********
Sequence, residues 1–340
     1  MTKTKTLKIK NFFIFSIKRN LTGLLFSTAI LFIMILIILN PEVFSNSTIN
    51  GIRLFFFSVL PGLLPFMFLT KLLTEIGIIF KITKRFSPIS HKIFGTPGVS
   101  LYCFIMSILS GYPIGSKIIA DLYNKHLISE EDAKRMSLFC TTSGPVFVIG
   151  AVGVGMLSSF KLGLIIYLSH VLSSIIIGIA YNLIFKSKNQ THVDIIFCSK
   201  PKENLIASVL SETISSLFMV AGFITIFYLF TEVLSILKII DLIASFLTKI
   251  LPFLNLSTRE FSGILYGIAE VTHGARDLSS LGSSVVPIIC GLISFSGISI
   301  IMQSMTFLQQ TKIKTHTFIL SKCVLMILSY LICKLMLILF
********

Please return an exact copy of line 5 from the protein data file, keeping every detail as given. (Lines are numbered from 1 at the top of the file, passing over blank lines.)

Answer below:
   151  AVGVGMLSSF KLGLIIYLSH VLSSIIIGIA YNLIFKSKNQ THVDIIFCSK